First Job: Mining Engineering in Training (Impala Platinum)
Personal Best Achievement/s: BSc Mining Engineering degree, Rock Breaker Qualification, Strata Control Qualification, Management Advance Programme Qualification, and of course, COM Rock Mechanics Ticket
Philosophy of Life: Never stop learning in life and always try to better yourself
Favourite Food/Drink: Beef lasagne and Castle-Lite
Favourite Sport: Basketball, Football, and Rugby
Never stop learning in life and always try to better yourself
1. How did your career in the mining industry begin and where are you now?
My career began as a Mining Engineer in Training in Impala’s graduate streamline programme. I’m currently a Rock Engineer at one of the Impala operational shafts.
2. Why did you choose Rock Engineering?
I took a keen interest in the subject during my university studies. I was particularly fascinated by how people could be sent kilometres down into the ground with thousands of tonnes of rock above heads and they live to tell the tale. Who could be responsible for such a task?
3. Please tell us a bit more about your career journey?
Well, after completing my universities studies in 2010, I applied to Impala Platinum for a place in their graduate development programme. At the time, I was not aware that their Rock Engineering Department was looking for new graduates to take into their streamline. Having taken a keen interest in Rock Engineering and performing really well in it during my university studies, it became apparent to me that Rock Engineering would be a great place and opportunity for me to kick-start my career in the mining industry. After successfully completing their interview process, I began as a Mining Engineer in Training and worked my way towards obtaining my Rock Breaker certificate. 8 months into the programme, I obtained the Strata Control Certificate and worked as a Strata Control Officer on various shafts, gaining a lot of valuable experience. In November 2015 I then obtained my COM Rock Mechanics Ticket and I’ m currently a Rock Engineer at one of the Impala shafts.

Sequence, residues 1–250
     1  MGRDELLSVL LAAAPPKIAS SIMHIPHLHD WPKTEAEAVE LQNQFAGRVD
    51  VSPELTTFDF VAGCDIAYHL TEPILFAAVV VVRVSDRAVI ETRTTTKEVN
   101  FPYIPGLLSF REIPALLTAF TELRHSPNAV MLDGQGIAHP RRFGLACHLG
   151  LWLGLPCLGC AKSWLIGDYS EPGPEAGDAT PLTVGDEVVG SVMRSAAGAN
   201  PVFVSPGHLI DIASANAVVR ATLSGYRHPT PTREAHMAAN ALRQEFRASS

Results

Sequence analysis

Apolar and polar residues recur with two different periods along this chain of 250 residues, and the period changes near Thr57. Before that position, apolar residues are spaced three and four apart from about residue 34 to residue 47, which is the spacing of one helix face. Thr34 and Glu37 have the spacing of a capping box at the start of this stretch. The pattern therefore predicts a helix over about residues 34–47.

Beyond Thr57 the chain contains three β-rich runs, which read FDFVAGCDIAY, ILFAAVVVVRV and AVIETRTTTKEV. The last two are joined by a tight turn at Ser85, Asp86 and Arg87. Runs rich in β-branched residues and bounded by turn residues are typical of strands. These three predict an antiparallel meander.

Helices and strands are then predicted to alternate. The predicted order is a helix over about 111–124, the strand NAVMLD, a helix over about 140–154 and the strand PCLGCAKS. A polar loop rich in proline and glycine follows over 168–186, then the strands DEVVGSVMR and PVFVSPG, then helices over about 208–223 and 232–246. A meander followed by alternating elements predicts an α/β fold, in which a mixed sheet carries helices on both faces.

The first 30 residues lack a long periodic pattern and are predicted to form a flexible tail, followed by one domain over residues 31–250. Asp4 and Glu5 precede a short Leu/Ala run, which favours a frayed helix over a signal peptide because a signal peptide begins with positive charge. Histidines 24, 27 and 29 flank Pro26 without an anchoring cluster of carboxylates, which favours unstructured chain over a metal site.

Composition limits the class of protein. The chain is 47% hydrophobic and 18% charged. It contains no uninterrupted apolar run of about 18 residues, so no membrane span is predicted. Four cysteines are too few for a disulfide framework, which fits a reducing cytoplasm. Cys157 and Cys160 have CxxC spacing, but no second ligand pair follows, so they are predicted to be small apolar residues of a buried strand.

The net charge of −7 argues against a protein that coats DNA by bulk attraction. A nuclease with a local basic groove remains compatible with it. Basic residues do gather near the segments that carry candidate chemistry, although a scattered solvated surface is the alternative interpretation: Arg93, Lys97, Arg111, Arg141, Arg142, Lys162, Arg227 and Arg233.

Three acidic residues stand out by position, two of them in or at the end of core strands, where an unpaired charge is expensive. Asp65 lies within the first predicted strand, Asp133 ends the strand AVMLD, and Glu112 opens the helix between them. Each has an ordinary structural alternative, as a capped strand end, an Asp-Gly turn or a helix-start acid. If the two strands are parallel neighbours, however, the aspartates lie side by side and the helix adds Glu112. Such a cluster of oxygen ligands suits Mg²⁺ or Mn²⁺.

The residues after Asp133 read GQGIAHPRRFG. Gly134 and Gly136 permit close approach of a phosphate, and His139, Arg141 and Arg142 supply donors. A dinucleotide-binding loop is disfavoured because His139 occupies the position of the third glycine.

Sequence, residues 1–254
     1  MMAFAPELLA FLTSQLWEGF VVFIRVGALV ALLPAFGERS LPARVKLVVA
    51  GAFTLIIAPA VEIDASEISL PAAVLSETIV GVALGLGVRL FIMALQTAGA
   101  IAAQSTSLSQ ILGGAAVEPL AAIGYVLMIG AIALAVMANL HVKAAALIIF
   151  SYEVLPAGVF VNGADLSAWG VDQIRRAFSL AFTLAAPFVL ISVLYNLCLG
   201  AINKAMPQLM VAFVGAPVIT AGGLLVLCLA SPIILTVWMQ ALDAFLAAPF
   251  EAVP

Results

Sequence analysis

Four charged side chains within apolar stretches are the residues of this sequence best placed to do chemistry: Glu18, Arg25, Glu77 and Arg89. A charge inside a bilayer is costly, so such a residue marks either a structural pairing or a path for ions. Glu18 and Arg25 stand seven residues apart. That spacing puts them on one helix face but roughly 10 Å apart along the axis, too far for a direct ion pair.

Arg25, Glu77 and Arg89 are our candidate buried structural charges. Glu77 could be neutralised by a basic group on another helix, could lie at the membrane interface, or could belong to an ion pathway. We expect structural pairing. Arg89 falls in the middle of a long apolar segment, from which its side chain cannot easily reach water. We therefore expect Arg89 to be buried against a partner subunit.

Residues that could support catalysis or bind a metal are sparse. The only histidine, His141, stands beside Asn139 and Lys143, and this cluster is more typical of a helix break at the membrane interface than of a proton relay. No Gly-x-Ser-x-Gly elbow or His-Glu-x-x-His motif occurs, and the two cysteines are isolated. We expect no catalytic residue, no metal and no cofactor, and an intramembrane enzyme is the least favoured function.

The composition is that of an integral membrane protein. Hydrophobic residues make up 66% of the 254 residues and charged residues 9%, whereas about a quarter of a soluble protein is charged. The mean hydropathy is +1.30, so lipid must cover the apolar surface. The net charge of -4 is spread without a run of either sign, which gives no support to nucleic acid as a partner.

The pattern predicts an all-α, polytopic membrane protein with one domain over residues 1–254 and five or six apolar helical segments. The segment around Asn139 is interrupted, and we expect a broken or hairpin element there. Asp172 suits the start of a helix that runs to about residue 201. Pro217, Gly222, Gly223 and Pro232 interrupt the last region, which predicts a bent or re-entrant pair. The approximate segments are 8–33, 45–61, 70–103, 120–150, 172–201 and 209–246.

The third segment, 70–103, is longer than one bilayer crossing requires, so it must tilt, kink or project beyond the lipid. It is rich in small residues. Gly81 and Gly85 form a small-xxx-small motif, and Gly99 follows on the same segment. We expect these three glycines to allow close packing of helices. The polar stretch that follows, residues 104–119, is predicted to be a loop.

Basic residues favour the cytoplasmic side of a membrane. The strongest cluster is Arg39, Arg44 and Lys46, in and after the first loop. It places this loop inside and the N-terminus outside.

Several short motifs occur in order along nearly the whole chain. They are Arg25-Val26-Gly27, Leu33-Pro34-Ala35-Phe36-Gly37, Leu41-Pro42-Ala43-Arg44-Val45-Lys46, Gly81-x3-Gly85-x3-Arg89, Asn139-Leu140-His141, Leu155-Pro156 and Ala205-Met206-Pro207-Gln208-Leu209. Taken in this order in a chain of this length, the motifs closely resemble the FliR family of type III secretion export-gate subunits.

Work hard, be focused and disciplined.
4. In your opinion, what are some of the challenges that the fraternity is currently facing?
The mining industry is in a major crisis, with commodity prices at an all-time low, lacklustre economic growth, and uncertainty in water and electricity supplies. This is will surely add pressure on mining houses to find innovative solutions to ensure safe, cost-effective production. Our function as a discipline will therefore be more heavily relied upon to come up with solutions to advance the industry beyond its current status.
5. What are some areas that you believe will become of increasing importance in the near future of the rock engineering discipline?
Research, research and more research and development. The mining industry has made a lot of progress in technological advances to ensure safe production; however, far too many people still continue to lose their lives. South Africa produces far too few (about 1/8th) scientists, researchers and PhDs, compared with our European and emerging nation counterparts who have far better safety stats. If were are to make meaningful contribution to solving safety-related problems, Rock Engineering Professionals in particular need to take their levels of expertise further.
6. What advice would you offer people aspiring to be in your position?
Work hard, be focused and disciplined.
7. Who is your role model/mentor?
I look up to many individuals that I see as my role models and/or mentors. I believe people are different and offer different experiences, expertise and knowledge. I therefore rely on everyone who influences my life, as they play very important roles in shaping and moulding the person I am.
8. What is the best advice you have ever been given?
Work hard and never give up. Set your mind towards something and you will achieve.